Rather defends ‘thrust’ of report on Bush service

A defensive Dan Rather suggested last night that although he may have used forged documents in a CBS report criticizing President Bush’s military service, the “thrust” of his report was true.

“Those who have criticized aspects of our story have never criticized the heart of it, the major thrust of our report,” he told viewers on “60 Minutes.” “George Bush received preferential treatment to get into the National Guard and, once accepted, failed to satisfy the requirements of his service.”

He added: “If we uncover any information to the contrary, rest assured we shall report that also.”

The unusual remarks were made hours after CBS News President Andrew Heyward grudgingly promised to “redouble” efforts to answer questions about whether the network used forged documents in a report that aired on the Sept. 8 edition of “60 Minutes.”

“We would not have put the report on the air if we did not believe every aspect of it,” he said on “CBS Evening News.” But he added: “Enough questions have been raised that we’re going to redouble our efforts to answer those questions.”

The remarks by Mr. Heyward and Mr. Rather marked the first time in a week that CBS appeared to be entertaining the possibility that it had built its story on forged documents. But Mr. Rather challenged the president through an interview published yesterday in the New York Observer.

“With respect: answer the questions,” he said. “We’ve heard what you have to say about the documents and what you’ve said and what your surrogates have said, but for the moment, answer the questions.”

He added: “They’d be a lot stronger in their campaign if they did do that.”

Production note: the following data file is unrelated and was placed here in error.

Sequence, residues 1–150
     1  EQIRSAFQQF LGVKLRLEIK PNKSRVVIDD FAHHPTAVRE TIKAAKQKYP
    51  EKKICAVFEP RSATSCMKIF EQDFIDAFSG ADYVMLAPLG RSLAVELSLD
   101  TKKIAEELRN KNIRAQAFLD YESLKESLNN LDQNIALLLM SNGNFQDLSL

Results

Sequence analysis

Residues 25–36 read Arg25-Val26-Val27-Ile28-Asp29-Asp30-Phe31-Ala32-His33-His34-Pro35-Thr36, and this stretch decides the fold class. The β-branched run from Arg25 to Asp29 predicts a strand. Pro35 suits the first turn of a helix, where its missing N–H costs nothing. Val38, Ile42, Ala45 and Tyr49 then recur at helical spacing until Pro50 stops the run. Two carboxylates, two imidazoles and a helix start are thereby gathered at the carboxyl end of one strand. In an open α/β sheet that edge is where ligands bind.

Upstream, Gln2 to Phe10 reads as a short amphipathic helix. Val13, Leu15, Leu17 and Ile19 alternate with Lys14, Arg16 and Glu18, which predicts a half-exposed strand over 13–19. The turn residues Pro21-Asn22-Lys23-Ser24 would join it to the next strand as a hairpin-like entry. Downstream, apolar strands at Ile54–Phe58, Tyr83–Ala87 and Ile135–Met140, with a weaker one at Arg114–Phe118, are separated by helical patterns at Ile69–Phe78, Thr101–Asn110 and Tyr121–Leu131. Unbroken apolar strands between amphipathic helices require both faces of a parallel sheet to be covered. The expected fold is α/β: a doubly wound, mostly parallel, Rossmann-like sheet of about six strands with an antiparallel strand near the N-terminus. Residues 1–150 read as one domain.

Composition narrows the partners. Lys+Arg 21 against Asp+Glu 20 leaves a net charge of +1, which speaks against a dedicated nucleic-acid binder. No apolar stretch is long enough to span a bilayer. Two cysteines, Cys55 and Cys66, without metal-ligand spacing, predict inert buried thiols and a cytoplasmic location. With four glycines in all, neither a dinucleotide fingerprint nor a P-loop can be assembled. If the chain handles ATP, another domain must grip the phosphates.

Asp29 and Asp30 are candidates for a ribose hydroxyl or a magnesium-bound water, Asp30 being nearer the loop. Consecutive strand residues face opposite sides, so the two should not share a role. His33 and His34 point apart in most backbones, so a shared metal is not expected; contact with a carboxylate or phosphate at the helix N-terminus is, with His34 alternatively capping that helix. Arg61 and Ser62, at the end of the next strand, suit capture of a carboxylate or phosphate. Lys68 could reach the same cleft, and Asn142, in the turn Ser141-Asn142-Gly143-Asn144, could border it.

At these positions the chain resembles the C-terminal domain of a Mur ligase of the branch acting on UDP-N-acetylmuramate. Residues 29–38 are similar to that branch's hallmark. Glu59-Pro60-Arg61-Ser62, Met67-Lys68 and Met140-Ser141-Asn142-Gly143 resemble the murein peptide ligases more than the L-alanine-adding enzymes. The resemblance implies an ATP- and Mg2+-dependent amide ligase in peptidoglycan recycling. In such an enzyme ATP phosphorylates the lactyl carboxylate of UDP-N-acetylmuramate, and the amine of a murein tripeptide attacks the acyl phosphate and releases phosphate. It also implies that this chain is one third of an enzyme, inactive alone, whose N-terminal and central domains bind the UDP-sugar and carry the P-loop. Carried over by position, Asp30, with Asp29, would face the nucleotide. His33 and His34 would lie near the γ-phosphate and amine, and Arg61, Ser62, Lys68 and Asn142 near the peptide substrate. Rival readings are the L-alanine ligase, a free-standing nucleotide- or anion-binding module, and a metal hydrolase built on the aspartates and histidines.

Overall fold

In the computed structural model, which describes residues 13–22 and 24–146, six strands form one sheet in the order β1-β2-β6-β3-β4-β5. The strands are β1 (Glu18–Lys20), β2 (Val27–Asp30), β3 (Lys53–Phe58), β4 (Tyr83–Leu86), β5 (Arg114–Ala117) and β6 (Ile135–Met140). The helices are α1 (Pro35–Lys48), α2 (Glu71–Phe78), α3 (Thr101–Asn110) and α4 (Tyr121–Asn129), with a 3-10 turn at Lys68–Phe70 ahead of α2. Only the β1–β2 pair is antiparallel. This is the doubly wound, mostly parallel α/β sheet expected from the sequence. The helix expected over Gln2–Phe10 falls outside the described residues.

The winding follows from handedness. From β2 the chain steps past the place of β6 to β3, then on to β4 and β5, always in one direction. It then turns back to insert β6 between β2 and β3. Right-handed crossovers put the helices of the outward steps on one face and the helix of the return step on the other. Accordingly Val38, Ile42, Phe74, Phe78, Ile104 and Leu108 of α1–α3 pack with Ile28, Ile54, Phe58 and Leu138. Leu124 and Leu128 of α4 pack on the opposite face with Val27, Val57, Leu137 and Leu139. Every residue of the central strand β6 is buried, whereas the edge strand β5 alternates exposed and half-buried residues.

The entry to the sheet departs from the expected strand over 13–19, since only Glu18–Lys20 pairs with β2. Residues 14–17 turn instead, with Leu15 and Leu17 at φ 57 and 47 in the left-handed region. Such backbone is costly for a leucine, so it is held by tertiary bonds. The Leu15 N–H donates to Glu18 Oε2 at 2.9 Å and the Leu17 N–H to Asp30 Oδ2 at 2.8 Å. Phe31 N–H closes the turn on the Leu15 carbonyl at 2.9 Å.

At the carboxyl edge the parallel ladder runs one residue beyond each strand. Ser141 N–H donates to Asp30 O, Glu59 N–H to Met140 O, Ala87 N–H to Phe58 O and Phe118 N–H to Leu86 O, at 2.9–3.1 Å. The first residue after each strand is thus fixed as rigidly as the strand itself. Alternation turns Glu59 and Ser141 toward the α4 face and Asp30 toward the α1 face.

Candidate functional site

But even before Mr. Rather issued that challenge on Tuesday, The Washington Times published a front-page article in which the White House said Mr. Bush did not defy a direct order from his commanding officer. One of the CBS documents purports to show that Mr. Bush refused an order to undergo a physical examination.

Many in the media and in Congress have called for an apology, but Mr. Rather only tried to downplay questions about the authenticity of his documents while clinging to the essence of their accusations. To that end, he aired a lengthy interview with 86-year-old Marian Knox, the secretary who worked for Lt. Col. Jerry Killian, Mr. Bush’s former commanding officer, who died in 1984.

Mrs. Knox said last night that she did not type the documents, which she called forgeries. She speculated that the forger had based the documents on real memos, although she could not produce them.

“It seems that somebody did see those memos and then tried to reproduce and then maybe changed them enough so that he wouldn’t get in trouble over it,” she said. “That’s all supposition.”

In an interview with The Washington Times yesterday, Gary Killian rebutted Mrs. Knox’s previous claims that his father kept secret files.

“She alluded to the fact my dad had a secret file and kept secret documents in it,” said Mr. Killian, who had served in the same squadron as Mr. Bush during the time in question. “I can tell you he didn’t. He wasn’t the type person to do that. He was direct. If he had a problem, he would deal with the person directly.”

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